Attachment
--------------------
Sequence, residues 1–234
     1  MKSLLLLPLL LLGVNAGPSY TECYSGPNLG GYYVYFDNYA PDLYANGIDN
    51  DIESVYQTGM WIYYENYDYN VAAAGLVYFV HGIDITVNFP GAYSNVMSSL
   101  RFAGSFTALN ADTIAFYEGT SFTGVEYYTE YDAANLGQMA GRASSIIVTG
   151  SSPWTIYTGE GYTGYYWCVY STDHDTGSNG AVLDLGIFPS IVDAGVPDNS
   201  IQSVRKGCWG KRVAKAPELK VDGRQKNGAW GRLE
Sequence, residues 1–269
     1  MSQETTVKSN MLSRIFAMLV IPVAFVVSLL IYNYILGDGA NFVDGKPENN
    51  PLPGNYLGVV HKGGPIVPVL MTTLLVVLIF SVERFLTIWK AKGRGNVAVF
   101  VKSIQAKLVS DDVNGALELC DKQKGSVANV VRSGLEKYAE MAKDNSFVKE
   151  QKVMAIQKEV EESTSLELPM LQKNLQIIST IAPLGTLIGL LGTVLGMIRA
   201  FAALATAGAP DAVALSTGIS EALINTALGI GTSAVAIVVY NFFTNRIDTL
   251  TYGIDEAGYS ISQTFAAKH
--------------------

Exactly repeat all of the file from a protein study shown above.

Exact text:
Sequence, residues 1–234
     1  MKSLLLLPLL LLGVNAGPSY TECYSGPNLG GYYVYFDNYA PDLYANGIDN
    51  DIESVYQTGM WIYYENYDYN VAAAGLVYFV HGIDITVNFP GAYSNVMSSL
   101  RFAGSFTALN ADTIAFYEGT SFTGVEYYTE YDAANLGQMA GRASSIIVTG
   151  SSPWTIYTGE GYTGYYWCVY STDHDTGSNG AVLDLGIFPS IVDAGVPDNS
   201  IQSVRKGCWG KRVAKAPELK VDGRQKNGAW GRLE
Sequence, residues 1–269
     1  MSQETTVKSN MLSRIFAMLV IPVAFVVSLL IYNYILGDGA NFVDGKPENN
    51  PLPGNYLGVV HKGGPIVPVL MTTLLVVLIF SVERFLTIWK AKGRGNVAVF
   101  VKSIQAKLVS DDVNGALELC DKQKGSVANV VRSGLEKYAE MAKDNSFVKE
   151  QKVMAIQKEV EESTSLELPM LQKNLQIIST IAPLGTLIGL LGTVLGMIRA
   201  FAALATAGAP DAVALSTGIS EALINTALGI GTSAVAIVVY NFFTNRIDTL
   251  TYGIDEAGYS ISQTFAAKH